5 Silversmiths I’d Like to Have Coffee With

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You know that theoretical question…if you could invite any four people from history to dinner who would it be?

This is my version, I’d ask a silversmith.

Instead of dinner and trying to speak with all of these amazing silversmiths at one time, I’d like to have a coffee with each of them individually. This way I get to sneak in my fifth person!

Let’s set the scene.

As it’s been a horrid, cold winter here, I’m imagining a warm spring day. Sunny, but not too hot, just a slight breeze.  Sitting on my terrace looking out over bright daffodils and green grass. A nice tray with drinks and a few delicious goodies – perhaps some hazelnut & chocolate biscotti and a few lemon squares. Nice pieces of silver to serve the nibbles with. Oh, comfy chairs too. Alright, I think we are set.

So who would I invite?

1. Andrew Fogelberg

Little is known about Andrew Fogelberg before he come to London in the 1760’s. He was Scandinavian, likely Swedish as he made provisions in his will to his sister and a nephew who were in Sweden. Fogelberg was most active in the late 18th century, well known for his fine quality work done in the high neo-classical style of the era. He was also the master to whom Paul Storr was apprenticed. Paul Storr is one of the best known of the early 19th century silversmiths.

Fogelberg intrigues me personally because I have the enormous luck to own one of his pieces. It is a trefid spoon.

My trefid spoon is absolutely gorgeous and quite a puzzle. One day, I need to spend some time unravelling its story.

  1. It was made in 1791, long after trefids were popular.
  2. It is goldwashed – not just on the bowl but the entire piece, front and back. I have never seen anything like it in person.
  3. There is no monogram – nor any evidence of a removal.
  4. It was undoubtedly an expensive piece.  It is large and very heavy, containing lots of sterling, by 1791 Fogelberg was well established and sought after, and I doubt the goldwash was a free upgrade!

Andrew Fogelberg, London, 1791. Here it is in all it's glory.

Would you like to see another stunning example of his work?

I stumbled upon this teapot the other day. It is simply incredible.

2. Thomas Chawner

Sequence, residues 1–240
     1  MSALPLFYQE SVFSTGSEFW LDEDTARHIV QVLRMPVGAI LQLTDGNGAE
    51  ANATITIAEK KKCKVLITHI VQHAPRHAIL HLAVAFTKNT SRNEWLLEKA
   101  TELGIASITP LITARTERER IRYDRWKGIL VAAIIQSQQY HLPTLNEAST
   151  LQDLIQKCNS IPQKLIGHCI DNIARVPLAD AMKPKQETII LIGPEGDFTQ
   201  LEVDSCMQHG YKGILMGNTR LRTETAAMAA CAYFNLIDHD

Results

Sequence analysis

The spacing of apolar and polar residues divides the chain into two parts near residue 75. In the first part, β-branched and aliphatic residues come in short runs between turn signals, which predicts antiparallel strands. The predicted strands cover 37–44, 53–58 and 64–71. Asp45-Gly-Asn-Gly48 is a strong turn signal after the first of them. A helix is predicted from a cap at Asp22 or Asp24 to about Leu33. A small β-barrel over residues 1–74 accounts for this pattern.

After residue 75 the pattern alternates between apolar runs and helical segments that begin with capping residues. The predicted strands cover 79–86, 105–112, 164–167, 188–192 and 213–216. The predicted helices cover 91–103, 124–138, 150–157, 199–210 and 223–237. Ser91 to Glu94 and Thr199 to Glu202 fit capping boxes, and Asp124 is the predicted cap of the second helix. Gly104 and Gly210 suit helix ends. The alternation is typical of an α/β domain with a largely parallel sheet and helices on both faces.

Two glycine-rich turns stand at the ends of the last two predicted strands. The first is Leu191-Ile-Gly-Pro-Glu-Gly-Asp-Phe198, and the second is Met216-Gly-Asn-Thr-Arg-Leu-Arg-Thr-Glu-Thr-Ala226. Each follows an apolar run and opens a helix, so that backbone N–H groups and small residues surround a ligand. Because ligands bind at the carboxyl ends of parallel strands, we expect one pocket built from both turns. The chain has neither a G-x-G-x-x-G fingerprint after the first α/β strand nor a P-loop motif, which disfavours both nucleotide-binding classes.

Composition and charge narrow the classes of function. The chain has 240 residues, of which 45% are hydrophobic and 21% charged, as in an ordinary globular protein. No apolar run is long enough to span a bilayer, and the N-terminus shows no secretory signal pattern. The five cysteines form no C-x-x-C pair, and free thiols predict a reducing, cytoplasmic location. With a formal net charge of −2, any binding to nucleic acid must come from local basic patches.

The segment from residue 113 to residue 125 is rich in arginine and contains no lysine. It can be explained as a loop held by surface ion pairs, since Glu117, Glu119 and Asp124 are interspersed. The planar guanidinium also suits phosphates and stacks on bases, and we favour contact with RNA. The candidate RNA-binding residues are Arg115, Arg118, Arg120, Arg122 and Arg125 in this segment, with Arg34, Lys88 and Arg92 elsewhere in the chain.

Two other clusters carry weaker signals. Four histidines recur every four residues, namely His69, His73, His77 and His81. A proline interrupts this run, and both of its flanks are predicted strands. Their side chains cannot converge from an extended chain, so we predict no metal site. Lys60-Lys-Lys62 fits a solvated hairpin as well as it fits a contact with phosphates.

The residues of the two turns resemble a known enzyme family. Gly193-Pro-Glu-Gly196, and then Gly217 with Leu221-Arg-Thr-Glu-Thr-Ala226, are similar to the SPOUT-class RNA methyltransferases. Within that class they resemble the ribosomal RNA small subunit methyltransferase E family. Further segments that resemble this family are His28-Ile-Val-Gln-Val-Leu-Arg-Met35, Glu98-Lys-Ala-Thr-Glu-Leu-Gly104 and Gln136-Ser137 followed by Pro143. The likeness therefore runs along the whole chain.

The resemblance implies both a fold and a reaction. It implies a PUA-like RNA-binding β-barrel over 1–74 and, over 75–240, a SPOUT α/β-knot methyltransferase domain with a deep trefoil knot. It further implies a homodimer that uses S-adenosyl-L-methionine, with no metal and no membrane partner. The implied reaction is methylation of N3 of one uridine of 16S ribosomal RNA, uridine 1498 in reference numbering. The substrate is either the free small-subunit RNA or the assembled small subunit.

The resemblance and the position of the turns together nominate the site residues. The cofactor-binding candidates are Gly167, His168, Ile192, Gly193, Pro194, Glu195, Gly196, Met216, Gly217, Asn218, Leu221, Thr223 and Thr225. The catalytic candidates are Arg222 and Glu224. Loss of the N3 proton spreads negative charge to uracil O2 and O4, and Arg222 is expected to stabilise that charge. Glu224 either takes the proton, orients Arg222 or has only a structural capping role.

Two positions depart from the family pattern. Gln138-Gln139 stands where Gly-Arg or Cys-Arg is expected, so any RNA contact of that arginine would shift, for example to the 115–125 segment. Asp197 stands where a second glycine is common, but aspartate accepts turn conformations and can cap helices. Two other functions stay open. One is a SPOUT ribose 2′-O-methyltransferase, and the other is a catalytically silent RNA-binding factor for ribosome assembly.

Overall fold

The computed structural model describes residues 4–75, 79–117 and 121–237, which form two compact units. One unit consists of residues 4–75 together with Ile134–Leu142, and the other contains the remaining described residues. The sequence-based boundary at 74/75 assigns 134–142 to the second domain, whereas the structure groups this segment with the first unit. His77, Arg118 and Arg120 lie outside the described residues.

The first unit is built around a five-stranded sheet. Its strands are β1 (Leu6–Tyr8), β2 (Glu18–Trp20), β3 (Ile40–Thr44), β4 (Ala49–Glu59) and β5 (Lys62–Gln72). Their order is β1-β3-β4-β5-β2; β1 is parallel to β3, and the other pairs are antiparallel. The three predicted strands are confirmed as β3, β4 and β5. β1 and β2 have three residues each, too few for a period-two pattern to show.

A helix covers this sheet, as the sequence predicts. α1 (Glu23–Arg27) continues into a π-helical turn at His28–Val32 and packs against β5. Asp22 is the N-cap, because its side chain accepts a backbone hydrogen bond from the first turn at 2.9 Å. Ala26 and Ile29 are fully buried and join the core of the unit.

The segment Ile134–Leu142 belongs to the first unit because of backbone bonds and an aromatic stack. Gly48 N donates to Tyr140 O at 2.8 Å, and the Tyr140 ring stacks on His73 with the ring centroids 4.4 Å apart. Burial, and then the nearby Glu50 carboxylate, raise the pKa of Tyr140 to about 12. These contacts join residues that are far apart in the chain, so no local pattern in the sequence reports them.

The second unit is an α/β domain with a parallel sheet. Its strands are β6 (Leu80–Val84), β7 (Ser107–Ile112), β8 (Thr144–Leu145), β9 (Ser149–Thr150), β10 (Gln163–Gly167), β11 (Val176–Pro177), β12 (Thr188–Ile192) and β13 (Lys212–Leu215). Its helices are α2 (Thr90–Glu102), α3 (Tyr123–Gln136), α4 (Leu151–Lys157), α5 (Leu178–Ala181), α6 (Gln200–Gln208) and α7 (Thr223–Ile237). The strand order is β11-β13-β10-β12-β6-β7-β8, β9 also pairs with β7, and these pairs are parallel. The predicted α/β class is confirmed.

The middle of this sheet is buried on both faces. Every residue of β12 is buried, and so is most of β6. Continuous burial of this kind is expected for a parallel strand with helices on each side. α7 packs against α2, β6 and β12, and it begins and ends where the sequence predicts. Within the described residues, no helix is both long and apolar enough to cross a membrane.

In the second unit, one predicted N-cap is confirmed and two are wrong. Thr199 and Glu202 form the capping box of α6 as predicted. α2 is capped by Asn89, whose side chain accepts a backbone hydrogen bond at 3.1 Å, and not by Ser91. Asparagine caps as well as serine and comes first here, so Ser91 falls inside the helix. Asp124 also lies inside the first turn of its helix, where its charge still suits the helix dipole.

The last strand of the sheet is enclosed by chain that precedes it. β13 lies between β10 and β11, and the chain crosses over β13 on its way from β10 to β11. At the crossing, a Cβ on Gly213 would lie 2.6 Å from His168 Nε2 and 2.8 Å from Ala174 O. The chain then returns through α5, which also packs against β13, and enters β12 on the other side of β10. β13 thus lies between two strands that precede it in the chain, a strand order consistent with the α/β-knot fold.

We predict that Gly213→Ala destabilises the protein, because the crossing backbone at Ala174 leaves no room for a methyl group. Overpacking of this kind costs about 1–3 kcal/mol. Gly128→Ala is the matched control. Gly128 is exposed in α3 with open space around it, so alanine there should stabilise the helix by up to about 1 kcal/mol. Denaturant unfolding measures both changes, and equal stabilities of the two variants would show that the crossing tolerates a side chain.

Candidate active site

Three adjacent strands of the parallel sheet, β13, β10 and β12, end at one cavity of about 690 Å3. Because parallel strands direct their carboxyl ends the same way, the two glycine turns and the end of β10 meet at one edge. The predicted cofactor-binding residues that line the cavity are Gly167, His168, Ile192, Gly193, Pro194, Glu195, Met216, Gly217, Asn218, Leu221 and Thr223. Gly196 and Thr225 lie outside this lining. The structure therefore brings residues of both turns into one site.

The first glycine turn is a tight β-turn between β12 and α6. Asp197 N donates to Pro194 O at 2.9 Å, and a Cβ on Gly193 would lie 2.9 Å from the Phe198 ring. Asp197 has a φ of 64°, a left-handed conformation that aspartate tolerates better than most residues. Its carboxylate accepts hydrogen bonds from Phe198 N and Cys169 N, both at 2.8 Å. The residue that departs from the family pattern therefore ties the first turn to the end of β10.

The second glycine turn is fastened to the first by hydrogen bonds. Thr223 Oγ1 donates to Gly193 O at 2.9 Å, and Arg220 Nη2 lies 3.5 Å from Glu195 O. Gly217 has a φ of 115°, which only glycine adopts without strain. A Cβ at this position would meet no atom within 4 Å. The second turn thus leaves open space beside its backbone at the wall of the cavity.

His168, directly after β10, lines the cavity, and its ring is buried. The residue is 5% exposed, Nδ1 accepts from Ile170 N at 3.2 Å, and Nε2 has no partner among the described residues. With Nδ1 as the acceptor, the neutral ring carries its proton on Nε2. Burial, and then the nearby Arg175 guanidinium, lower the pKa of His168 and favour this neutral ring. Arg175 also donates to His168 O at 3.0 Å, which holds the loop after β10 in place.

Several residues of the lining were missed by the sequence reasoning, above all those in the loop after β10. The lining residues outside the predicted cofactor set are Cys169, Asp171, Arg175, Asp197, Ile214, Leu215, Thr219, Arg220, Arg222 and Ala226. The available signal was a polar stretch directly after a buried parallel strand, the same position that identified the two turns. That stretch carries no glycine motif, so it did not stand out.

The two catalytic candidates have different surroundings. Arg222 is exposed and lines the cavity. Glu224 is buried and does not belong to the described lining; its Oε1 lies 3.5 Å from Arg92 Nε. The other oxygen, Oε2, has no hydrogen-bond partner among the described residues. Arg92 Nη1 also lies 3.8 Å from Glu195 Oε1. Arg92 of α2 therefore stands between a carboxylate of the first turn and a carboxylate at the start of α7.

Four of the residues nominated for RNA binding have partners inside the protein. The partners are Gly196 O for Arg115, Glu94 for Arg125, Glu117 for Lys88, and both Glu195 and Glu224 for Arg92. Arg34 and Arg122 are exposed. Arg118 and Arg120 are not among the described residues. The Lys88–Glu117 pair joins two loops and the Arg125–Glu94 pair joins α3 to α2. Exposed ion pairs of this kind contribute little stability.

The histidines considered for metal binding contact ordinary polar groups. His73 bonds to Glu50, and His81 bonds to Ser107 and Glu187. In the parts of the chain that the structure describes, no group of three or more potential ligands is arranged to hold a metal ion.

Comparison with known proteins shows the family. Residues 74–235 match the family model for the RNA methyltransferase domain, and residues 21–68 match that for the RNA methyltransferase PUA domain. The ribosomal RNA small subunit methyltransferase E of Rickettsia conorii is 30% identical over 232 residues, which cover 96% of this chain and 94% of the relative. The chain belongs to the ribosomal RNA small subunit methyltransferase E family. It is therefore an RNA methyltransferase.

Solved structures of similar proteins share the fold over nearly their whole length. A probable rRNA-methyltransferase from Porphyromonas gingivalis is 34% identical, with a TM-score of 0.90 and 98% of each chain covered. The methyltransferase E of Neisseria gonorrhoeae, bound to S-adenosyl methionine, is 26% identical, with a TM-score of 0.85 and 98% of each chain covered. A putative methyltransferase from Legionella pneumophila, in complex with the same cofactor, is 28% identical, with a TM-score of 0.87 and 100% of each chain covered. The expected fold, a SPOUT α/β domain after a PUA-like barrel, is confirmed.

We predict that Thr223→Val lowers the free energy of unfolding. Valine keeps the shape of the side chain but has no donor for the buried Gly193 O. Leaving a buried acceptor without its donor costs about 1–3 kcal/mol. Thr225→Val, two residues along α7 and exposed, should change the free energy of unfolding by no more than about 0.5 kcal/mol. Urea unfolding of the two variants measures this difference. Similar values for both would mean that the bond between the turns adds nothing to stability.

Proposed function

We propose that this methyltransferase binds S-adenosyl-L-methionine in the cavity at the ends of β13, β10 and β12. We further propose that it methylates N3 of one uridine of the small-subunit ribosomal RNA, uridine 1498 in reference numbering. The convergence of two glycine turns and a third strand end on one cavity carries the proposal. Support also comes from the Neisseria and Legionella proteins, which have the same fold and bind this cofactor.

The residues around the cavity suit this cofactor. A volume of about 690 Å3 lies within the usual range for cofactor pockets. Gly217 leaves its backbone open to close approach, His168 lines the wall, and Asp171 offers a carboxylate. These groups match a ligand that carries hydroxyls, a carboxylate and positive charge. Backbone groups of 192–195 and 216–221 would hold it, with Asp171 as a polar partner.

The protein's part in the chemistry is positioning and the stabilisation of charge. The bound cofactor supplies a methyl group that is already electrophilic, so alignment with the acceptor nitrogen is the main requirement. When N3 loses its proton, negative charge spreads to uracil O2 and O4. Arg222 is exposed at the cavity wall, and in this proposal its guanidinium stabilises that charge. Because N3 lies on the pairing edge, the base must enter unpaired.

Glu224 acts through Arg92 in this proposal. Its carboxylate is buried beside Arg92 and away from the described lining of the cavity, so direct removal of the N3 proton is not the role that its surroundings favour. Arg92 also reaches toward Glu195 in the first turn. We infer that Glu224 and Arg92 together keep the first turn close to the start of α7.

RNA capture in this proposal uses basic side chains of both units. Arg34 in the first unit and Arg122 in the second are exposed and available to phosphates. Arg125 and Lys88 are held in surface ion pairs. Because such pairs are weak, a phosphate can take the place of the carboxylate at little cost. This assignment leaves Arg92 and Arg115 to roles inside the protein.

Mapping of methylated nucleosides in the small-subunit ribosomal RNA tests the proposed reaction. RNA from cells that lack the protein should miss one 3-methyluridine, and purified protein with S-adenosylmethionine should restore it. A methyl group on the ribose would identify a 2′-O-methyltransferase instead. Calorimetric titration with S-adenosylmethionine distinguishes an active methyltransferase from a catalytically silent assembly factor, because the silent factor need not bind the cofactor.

“The most important dynasty of English spoon makers began in the mid-18th Century with Thomas Chawner. This group of silversmiths, along with the Bateman family, dominated spoon production in the late 18th & early 19th Centuries.” Quoted from Antique Silver Spoons in the UK.

Again, my intrigue is a personal one, based on ownership of several pieces of English silver bearing his mark – sometimes alone and other times in combination with a partner. The survival of these quotidian pieces over hundreds of years endlessly fascinates me. Spoons are not like candelabra or large pieces of hollowware which don’t tend to get moved around a lot. They get used and are subject to repetitive motions that cause wear.

My very favorite piece from the Chawner group was made in 1776 (a catchy date). It is engraved D ● P.  Whether it was DP or someone else in the 200 plus years since this spoon was made, I love this piece because someone was very serious about getting every last drop of food off their plate. The front/top edge of the bowl is worn on the left side from being scraped against the plate or bowl. Furthermore, having the wear on the left side means that person was right-handed, as I’m a leftie that strikes me each time I use this spoon.


My favorite spoon. Who was DP? Was DP the person who wore away the edge of the bowl?


DP, I wish I knew more about you.


I'd love a time lapse video showing how long this took to happen.

3. Hester Bateman

Yes, I know its a bit of a cliche for me to add Hester to this list. But as one of the relatively few women silversmith’s of the time and one who’s work is well-known, I just can’t leave her off.

I don’t have a piece by Hester – although I plan on rectifying that situation at some point.

Remember the quote from Antique Silver Spoons about Chawner AND the Bateman family dominating spoon production. “Dominating spoon production” – wow, that was akin to being a big box store today. Although I suspect most big box store items bought today will not be in good working order in 200 years.  Just a hunch.